Another week in Havana - via TorontoAuthor: RichardNika (More Trip Reviews by RichardNika)
Date of Trip: September 2011
Our bus left at 11:15, and the ride to Toronto was pleasant and smooth. The bus didn’t stop at Hamilton, by far the biggest city en route, but did stop at Grimsby, south of Hamilton. To get from Niagara Falls to Toronto, you have to drive a sort of curve, around the western end of Lake Ontario. It was a trip I’d made countless times in the past as a child and young man, and there were some beautiful lake views. Everywhere I looked, the Canadian maple leaf flag was flying. I saw far more Canadian flags than you’d see American flags on a comparable journey. Canadians had never impressed me as being obsessive about their flag as so many Americans are - perhaps it was just a way of saying, hey, we are NOT “the states” - for only Canadians refer to the US as “the states.” And it is a pretty flag. Before long, we were in Toronto’s outskirts, seeing endless high rises - Toronto is Canada’s biggest city.
The Econolodge is located on Jarvis Street, perhaps three blocks from the station in Toronto, and involved walking past Yonge, the city’s best known main artery - Jarvis parallels it, north to south. Decades earlier, I’d read that Jarvis had been unofficially recognized by the local authorities as the one place where prostitution would be tolerated, but there was no sign of that now, either by day or by night. What there was, as there was all around downtown Toronto, was homelessness. Toronto is a wealthy and busy city, which made that problem all the more visible, but it was nothing new. Years earlier, when I’d been there in winter, a homeless woman had frozen to death in a parking garage. Walking to Jarvis, we passed Ryerson University. They had a film festival in progress, and a young woman greeting festival-goers asked us if we needed assistance. It would have been nice, but we had people to meet.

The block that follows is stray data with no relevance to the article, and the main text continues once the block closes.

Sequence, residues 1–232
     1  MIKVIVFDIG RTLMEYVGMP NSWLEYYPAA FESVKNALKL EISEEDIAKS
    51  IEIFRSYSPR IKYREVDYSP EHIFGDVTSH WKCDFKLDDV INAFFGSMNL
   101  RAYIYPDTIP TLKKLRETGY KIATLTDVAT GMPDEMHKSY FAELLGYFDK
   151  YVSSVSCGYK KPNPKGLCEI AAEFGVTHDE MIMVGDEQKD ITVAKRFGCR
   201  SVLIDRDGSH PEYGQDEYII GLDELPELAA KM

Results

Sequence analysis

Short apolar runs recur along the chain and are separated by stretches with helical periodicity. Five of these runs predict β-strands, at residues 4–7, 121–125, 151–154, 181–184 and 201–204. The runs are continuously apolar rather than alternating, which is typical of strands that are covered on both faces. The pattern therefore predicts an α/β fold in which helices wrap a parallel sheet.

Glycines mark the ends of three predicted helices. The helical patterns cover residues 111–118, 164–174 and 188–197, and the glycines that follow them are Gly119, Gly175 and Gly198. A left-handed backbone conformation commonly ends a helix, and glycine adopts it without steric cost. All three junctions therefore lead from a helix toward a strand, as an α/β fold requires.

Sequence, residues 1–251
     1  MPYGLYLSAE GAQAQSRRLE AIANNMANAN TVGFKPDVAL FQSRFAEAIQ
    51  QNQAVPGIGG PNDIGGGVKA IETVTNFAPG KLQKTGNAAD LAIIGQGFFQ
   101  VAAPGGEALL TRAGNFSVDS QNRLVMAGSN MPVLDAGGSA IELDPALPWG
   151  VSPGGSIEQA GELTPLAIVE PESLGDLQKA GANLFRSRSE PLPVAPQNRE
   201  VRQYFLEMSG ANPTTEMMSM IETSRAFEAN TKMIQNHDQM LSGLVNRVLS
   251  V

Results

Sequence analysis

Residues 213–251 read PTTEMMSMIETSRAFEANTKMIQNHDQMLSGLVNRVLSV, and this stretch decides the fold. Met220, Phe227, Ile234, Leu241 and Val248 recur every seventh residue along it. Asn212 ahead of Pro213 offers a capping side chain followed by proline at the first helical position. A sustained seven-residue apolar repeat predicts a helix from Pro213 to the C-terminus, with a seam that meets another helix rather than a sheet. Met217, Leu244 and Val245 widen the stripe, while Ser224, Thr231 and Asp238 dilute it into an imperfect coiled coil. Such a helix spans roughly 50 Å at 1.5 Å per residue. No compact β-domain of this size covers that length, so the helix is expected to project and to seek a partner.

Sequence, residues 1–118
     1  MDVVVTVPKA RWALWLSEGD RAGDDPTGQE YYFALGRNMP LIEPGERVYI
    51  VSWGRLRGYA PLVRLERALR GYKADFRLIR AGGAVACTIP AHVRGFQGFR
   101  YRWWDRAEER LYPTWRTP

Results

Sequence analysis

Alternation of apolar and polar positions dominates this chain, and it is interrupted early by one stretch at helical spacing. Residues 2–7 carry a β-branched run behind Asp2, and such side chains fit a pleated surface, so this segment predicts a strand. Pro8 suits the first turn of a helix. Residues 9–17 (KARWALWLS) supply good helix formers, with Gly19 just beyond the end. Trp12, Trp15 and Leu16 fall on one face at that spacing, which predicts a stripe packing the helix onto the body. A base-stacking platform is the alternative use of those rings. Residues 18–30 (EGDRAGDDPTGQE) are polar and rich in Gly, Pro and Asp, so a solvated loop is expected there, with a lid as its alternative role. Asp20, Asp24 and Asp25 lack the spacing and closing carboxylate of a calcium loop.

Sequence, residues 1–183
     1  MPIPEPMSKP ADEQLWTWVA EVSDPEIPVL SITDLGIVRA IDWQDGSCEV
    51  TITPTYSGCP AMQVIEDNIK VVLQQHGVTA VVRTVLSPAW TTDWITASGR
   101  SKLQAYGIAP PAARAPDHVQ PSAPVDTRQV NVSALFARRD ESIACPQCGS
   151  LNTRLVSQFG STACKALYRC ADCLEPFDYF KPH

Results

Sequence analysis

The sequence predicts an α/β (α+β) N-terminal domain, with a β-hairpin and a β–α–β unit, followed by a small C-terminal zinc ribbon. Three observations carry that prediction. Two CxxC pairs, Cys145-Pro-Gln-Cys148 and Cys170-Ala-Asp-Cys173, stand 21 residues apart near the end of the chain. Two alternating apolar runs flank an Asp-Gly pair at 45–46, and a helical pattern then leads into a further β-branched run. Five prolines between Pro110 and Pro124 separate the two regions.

Our hotel was strictly a one star operation. Earlier that year, we’d paid $124 for a fairly nice albeit not distinguished room in a Holiday Inn Express in Manhattan’s trendy Chelsea district. This place was $150 and our room was a third floor walkup and was comparable to a YMCA with a private bath. We settled in and decompressed.
Years earlier, as a child and then a young teenager, living in Buffalo, I’d spent two months of every summer at a summer camp, Kawagama, located perhaps 100-odd miles north of Toronto on an island in one of countless lakes in the Algonquin Park region. My best friend from those camp days had shown up in south Florida a year earlier, and we’d gone to dinner with him and his wife. Now we were about to have dinner with them and three other former Kawagama cabinmates and their wives. This isn’t the place to describe personal reunions - suffice it to say that aforesaid best friend and his wife took us on a two hour but exhaustive tour of Toronto’s neighborhoods before driving us to a restaurant in the northern part of the city where we all had a private room. It was an old fashioned sort of seating - wives at one end, husbands at the other, My former cabinmates had a reunion itinerary of their own. There are two group dinners a year,. One with just the husbands - another with husbands and wives. This was one of the latter, and, as one who had shared a cabin with the husbands, we were an accredited part of it. After the dinner, another of the couples drove us back to our very humble abode.
MONDAY SEP 19
The morning news was as dismal as our room, and so was the breakfast. Our TV featured the news that Canada’s parliament was reconvening with a conservative party majority under their PM Stephen Harper, whose chief aims seem to include expending vast resources to suck dirty petroleum out of Alberta’s tar sands, downsize social services, eliminate environmental protection, promote a “religious-right” agenda, and generally wipe out Canada’s image as our progressive northern neighbor. The breakfast included bread, toast and bagels, cereal, milk and coffee. The “juice” turned out to be koolaid. We checked out, asking them to hold our bags for us.